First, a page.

New Zealand

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Overview of Trends of Economic Inequality in New Zealand

 

Has the dispersion of earnings been increasing in recent decades?Yes, the top decile has risen from 143 per cent of median in 1986 to 186 per cent in 2012.
Has overall inequality increased in recent years?No, the Gini coefficient has been relatively stable around 32 percent since 1996. However, it rose by 7 percentage points between 1988 and 1996.
Have there been periods when overall inequality fell for a sustained period?Yes, from mid-1950s to mid-1970s.
Has poverty been falling or rising in recent decades?Poverty has substantially increased from 1996 to 2004 before decreasing mildly till 2009.
Has there been a U-pattern for top income shares over time?Yes, top gross income shares fell from mid-1950s to mid-1980s, then rose from mid-1980s to mid-1990s.
Has the distribution of wealth followed the same pattern as income?Insufficient evidence.
Additional noteworthy featuresU-shape over post-war period. Top income shares estimates for the years 1998, 1999 and 2000 are affected by changes in the income tax laws. Top shares series have a break in 1951 (change in tax units).

Sources and References

Sources for the historical data series:

Overall inequality: Gini coefficient for individual taxable income from Easton (1983, Table 10.7 for series 1 (before the introduction of PAYE) and series 2 (after the introduction of PAYE) and from figures supplied by Professor S Chatterjee, Massey University, for series 3); Gini coefficient for equivalised (applying 1988 revised Jensen scale, described as close to the modified OECD scale) disposable household annual income before deduction of housing costs from Perry (2010, Table D.9).

Top income shares: The top income shares are from WTID, based on work of Atkinson and Leigh (2008); top 0.5 percent is used in place of top 0.1 percent series as the latter lacks observations for recent years. Note that top income series have a break in 1951. Data refer to tax units before 1951 and to individuals from 1951 onwards.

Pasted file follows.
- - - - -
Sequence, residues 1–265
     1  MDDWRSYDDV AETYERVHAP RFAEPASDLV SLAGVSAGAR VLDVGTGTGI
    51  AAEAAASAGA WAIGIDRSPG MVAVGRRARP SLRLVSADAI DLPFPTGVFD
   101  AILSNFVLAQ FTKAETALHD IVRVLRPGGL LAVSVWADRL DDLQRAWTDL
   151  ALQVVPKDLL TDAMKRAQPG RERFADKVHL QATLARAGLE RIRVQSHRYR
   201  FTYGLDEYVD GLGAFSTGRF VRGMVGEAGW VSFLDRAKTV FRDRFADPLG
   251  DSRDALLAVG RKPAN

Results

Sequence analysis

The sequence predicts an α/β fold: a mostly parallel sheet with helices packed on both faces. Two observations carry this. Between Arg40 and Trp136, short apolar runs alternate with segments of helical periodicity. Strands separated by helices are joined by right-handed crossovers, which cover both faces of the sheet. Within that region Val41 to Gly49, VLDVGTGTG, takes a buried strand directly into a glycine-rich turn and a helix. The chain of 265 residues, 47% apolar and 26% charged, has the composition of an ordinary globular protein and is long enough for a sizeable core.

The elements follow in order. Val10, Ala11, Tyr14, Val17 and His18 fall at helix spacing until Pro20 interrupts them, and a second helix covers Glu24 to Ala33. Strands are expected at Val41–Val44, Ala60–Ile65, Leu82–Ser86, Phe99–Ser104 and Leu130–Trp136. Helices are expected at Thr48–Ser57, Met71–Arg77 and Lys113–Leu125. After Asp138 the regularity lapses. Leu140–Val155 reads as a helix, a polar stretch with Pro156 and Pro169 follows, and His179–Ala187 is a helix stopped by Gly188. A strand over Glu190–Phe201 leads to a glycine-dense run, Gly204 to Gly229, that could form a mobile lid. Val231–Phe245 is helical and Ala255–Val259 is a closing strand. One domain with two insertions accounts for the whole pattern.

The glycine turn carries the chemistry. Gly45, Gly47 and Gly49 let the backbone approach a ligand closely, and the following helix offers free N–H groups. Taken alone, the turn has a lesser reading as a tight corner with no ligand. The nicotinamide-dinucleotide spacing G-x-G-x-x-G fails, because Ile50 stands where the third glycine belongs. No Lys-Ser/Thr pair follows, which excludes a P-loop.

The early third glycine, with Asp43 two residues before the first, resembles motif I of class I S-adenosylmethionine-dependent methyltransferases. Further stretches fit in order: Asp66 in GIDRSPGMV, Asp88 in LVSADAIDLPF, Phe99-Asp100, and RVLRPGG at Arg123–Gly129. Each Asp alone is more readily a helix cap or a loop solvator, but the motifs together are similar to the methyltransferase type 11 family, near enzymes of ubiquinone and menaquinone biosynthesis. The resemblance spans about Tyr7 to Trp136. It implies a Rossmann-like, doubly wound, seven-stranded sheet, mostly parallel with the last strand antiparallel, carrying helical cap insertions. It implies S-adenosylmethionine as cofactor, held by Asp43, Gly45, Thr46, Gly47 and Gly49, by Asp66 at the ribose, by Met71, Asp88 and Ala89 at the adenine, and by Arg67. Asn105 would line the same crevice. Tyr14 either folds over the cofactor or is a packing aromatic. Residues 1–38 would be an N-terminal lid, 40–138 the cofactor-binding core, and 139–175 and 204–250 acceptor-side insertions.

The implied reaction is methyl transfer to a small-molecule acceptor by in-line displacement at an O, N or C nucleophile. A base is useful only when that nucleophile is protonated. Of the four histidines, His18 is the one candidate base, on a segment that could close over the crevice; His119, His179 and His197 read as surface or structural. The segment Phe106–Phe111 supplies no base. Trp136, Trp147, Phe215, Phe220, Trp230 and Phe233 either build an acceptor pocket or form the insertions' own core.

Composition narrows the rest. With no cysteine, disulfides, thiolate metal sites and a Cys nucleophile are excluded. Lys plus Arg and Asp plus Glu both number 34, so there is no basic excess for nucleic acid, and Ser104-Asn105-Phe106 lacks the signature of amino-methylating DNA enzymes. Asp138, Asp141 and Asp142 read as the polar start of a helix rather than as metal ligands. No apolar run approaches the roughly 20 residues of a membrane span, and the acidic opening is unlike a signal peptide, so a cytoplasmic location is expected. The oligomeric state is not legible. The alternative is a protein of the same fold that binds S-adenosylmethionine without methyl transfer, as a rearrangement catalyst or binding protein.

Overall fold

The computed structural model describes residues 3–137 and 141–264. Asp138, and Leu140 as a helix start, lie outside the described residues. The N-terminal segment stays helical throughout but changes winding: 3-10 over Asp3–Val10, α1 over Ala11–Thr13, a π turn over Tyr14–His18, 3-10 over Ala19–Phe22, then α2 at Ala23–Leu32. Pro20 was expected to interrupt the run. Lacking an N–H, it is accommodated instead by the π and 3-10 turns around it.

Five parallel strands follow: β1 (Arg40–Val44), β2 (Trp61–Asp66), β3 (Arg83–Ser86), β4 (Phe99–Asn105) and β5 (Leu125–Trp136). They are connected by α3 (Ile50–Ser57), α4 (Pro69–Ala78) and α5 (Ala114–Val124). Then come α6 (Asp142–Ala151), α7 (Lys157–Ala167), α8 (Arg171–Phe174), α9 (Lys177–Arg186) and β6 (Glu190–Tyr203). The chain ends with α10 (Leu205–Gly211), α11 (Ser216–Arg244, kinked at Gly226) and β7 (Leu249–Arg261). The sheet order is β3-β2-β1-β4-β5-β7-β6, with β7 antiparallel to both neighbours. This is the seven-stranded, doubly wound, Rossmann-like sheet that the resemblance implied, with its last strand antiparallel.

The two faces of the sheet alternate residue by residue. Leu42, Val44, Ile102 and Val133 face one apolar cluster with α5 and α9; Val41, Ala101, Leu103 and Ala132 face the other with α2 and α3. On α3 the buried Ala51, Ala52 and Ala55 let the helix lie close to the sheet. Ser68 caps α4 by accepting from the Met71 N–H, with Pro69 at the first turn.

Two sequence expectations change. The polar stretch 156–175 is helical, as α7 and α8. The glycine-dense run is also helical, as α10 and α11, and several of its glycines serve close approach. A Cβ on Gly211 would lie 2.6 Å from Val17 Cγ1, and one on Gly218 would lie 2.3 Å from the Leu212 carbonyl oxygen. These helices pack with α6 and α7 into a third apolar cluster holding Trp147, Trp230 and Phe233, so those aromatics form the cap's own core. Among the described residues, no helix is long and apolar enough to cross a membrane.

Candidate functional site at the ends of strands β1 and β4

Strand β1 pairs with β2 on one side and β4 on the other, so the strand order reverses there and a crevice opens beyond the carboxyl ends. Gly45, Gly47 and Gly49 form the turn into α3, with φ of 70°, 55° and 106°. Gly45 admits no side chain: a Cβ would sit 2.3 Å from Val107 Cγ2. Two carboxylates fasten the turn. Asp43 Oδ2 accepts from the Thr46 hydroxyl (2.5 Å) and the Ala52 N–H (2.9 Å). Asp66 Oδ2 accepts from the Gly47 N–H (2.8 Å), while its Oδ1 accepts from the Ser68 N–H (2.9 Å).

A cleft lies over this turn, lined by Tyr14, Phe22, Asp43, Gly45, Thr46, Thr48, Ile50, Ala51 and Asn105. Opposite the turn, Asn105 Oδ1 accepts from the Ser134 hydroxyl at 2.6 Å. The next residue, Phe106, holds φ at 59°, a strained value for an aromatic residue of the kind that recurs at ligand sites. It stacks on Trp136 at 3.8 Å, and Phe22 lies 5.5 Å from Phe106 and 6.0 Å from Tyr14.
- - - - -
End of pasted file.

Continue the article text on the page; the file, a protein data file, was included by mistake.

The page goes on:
Poverty: Percentage of individuals in households with equivalised (applying 1988 revised Jensen scale, described as close to the modified OECD scale) disposable income before housing costs below 60 per cent of the contemporary median from Perry (2010, Table F.2).

Individual earnings: Series 1 from Atkinson (2008, Appendix M, Table M.3), based on the work of Easton (1983); Series 2 from OECD iLibrary, Employment and Labour Market Statistics, Gross earnings decile ratios.

Wealth: share of top 1 per cent in total wealth (among adults) from Easton (1983, Table 7.3).

References:

  • Atkinson, A B, 2008, The changing distribution of earnings in OECD countries,Oxford University Press, Oxford.
  • Atkinson, A B and Leigh, A, 2008, “Top Incomes in New Zealand 1921-2005: Understanding the Effects of Marginal Tax Rates, Migration Threat, and the Macroeconomy”, Review of Income and Wealth, series 54(2): 149-165.
  • Easton, B, 1983, Income distribution in New Zealand, New Zealand Institute of Economic Research, Wellington.
  • Perry, B, 2010, “Household incomes in New Zealand: trends in indicators of inequality and hardship 1982 to 2009”, Ministry of Social Development, Wellington, ISBN 978-478-33500-2.